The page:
SAN DIEGO — Governor Newsom's announcement Monday to lift the state's stay-at-home order came as a surprise to many. While he said the decision was based on science, others argue he did it for political reasons.
During Monday’s news conference, Newsom said, "Today, we can lay claim to starting to see real light at the end of the tunnel."
Lifting the order allows businesses like restaurants and salons to reopen after having been shut down for seven weeks.
Austin Campbell, owner of several Sola Salon studio locations throughout San Diego said, “Now that we can open again, it's such a relief on so many different levels."
As he and other business owners rejoiced, many people turned to social media blasting the governor for his decision.
On the Governor's YouTube page, comments included:
- "Families went hungry for their political agendas."
- "It's all political. We are worse off now with Covid then when we got the stay at home order in December."
San Diego County Supervisor Jim Desmond questioned the governor's motives as well.
“It makes as much sense as when he closed it down two months ago," Desmond said, "Well ok, but why?"
Critics claim Newsom lifted the order to please people in light of lawsuits and a growing recall campaign. Thad Kousser is a professor of political science and department chair at UC San Diego.
The online chatter isn't surprising to him.
"Allowing dissent debate, that's what American democracy is all about," Kousser said.
With that being said, while politics likely played a role, he believes that Newsom's decision was based on improving coronavirus conditions.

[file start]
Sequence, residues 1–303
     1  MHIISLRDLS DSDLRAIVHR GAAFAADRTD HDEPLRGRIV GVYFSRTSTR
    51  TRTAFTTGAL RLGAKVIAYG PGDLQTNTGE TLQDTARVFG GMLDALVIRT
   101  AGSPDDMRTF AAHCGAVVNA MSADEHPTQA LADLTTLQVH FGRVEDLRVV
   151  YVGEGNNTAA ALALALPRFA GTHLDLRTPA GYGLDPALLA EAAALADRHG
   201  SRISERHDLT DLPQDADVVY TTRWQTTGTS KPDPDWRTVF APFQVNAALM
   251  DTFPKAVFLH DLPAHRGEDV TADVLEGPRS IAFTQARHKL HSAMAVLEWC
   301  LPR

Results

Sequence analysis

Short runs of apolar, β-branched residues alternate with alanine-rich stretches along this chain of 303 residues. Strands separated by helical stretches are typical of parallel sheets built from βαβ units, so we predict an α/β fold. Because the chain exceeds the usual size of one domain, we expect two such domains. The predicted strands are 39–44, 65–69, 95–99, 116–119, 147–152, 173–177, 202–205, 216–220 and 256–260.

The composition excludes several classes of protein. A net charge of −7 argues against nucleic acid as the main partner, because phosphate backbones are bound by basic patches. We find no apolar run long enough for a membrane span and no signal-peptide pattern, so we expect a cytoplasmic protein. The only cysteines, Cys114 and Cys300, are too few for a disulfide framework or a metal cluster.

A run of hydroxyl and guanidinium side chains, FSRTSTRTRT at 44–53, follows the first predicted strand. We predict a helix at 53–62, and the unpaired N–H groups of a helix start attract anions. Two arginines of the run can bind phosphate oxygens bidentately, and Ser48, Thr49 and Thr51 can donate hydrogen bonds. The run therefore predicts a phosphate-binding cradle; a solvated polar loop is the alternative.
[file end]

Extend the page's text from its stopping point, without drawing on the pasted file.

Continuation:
"Was Governor Gavin Newsom motivated to reopen the state absolutely as soon as he could?" Kouser said, "Sure, because he's in the fight of his political life with a potential recall coming this summer, but he's been making - he and this web of scientist advisors and other state and county leaders have been making data-driven decisions all the way through this and I don’t see a clear political gain for him right now."
According to Newsom, looking four weeks out, the projected ICU capacity in every region of the state is improving. In Southern California, it's expected to climb to 33.3 percent.
In addition, cases are dropping. San Diego County, for example, has half the amount of cases now compared to a month ago.
When asked about the accusations against him, Newsom said, "That is just complete utter nonsense so let's just dispense with that fundamental foundation nonsense."
The governor was also criticized for not releasing the formula used for those ICU projections. On Tuesday, he unveiled this chart during a news conference.